Scandinavia--Denmark, Norway, Sweden, Iceland, and Finland--is blessed with five distinct, yet related, cultures.

Learn about the stories behind the legends, about the countries, and most of all about the people.

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"We sailed our ships to any shore that offered the best hope of booty; we feared no fellow on earth..."
Saga of Arrow-Odd

What is Scandinavia's largest city?
Helsinki
Stockholm
Copenhagen
Oslo
Stavanger

Correct answer?
COPENHAGEN
Denmark

København, known to the rest of the world as Copenhagen, wonderful Copenhagen, became the capital of Denmark in 1415, but several of its fine old buildings date from the reign of King Christian IV, from the late 16th to the mid-17th century.

Read more

Feature: Elsinore Castle
Food: Lefse, Almond Bread
         Iceland's Hearty Fare
History: The Round Tower
Arts:   Scandinavian Pewter
          Georg Jensen
People: Hans Christian
Andersen
     
News: Happiest Countries
          Bella Sky Hotel

Surstromming:
One of the World's Strangest Dishes
 
by Bob Brooke

Swedish surstromming, a sour Baltic herring.Inevitably the fish would ferment and whole villages would stink of it but the inhabitants came to consider such fermented fish a delicacy. One type– surstromming or sour Baltic herring–survives in Sweden. Surely this has to be one of the world's strangest dishes and a potent expression of the saying that one man's meat is another man's poison.

Caught in the months of May and June, processors immerse the fish for a day in brine and then decapitate and clean it. Next they stack it in barrels, trundling it out into the summer sun and left there for 24 hours to get the fermenting process started. An inch or two of space is left at the top of each barrel so that any gas formed during the fermentation can accumulate with out causing an explosion.

Put into a cool storage room, the herring ferment at a slower rate. As they do, their aroma grows progressively stronger, and only the most acute nose can determine the precise point at which they are ready for canning.

Among those who like surstromming best, and its fans are many, there's the belief that the contents of a can left for a year at a temperature of 68̊ F. actually improve; the can will have begun to swell, and at its puffiest must be opened gingerly, like a bottle of champagne.

Swedes eat ripe surstromming with paper-thin hard bread and boiled potatoes, usually an almond-shaped variety that comes from the north. It has a sharp, cutting taste. Sometimes, they drink milk with it, but beer and aquavit more often accompany the dish. Some Swedes down it without a second thought to its smell; others, in order to partake of it at all, first have to rinse it in purifying soda water.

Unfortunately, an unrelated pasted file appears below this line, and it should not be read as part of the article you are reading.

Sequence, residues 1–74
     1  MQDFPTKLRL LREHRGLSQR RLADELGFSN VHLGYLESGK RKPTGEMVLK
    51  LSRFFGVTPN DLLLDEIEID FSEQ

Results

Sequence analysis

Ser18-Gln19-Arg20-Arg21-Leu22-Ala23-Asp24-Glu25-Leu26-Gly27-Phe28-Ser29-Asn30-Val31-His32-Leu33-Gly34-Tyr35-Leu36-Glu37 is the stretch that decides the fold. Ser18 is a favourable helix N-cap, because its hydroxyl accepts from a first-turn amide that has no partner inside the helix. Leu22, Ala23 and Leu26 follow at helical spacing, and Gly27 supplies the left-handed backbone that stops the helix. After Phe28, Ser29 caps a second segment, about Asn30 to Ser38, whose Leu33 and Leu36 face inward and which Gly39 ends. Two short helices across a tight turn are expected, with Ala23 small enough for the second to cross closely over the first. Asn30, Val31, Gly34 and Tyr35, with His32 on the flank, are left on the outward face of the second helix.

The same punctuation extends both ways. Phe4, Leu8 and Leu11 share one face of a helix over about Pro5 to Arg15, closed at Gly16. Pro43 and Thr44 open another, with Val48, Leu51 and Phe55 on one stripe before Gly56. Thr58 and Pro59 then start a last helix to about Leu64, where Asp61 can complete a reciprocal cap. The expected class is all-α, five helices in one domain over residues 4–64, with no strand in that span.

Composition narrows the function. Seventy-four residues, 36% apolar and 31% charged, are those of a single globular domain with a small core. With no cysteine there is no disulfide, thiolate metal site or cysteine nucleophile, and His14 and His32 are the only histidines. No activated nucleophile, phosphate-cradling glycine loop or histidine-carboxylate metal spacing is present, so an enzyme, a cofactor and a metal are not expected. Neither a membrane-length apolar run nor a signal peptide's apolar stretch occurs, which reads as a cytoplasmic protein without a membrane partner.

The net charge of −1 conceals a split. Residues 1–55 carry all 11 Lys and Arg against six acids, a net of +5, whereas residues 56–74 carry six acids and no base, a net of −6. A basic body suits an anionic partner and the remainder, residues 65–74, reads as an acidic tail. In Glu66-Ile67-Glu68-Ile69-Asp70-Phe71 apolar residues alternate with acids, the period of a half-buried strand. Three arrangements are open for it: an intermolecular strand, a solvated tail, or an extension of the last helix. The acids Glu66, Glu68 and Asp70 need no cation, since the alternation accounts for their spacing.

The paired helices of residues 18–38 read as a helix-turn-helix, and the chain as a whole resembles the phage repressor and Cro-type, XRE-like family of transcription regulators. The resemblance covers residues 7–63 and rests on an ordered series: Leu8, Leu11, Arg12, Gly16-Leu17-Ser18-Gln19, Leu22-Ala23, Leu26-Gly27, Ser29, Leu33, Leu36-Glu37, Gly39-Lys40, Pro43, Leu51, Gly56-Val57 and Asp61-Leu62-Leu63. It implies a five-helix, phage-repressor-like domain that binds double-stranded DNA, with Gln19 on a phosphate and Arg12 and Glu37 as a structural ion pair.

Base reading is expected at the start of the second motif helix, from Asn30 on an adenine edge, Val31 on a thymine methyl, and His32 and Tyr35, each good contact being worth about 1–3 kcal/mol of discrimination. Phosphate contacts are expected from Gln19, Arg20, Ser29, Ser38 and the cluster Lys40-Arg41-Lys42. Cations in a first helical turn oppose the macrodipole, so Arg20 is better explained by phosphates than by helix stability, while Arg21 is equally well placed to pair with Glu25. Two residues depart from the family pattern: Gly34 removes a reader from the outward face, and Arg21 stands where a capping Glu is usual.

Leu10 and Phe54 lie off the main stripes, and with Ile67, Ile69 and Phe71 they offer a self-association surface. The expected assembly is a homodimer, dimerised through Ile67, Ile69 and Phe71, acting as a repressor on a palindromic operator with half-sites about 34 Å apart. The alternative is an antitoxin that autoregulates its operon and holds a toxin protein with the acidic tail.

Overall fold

Sales of surstromming are on the increase in Sweden, but its future as an export item is, predictably, dim. Although 800 cans of it used to be exported annually to Hollywood when a Swedish movie colony could still be found there, U.S. customs officials have since come to view it with suspicion, despite its proven nontoxicity. Moreover, the product doesn’t always travel well. Only recently a Swede found this out. Thinking to amaze an important New York client and the assembled board of directors with so bizarre a food, he produced the swollen can he had carried all the way from Sweden in his luggage and dramatically laid it on the table. At that moment, the can exploded.

 

 


< Back to Taste of Salt                                                                   Go to Salt Herring >

Every year about 95 000 people die in Sweden and, according to the law, everyone must be buried. There must be room for everyone in the cemeteries, therefore the future needs of space have to be predicted. Because of this funerals must be part of the planning process.

Read more about Swedish burials

News from Norway
from Aftenposten
News from Denmark
from Denmark.dk
News from Sweden
from the SR International 
News from Finland
from Finnish News Agency STT
News from Iceland
from The Iceland Review
All news is in English
.

THE VIKINGS:
THE NORTH ATLANTIC SAGA

In the early Middle Ages, driven by famine at home and the promise of wealth to be had in other lands, the Vikings set out from Scandinavia to conquer parts of England, Ireland, France, Russia, and even Turkey. Bolstered by their successes, the Vikings pushed westward, eventually crossing the North Atlantic and founding settlements in Iceland, Greenland, and Newfoundland in Canada.
Read more         Go to the Book Shop >

To read more articles by Bob Brooke, visit his Web site.

 
 

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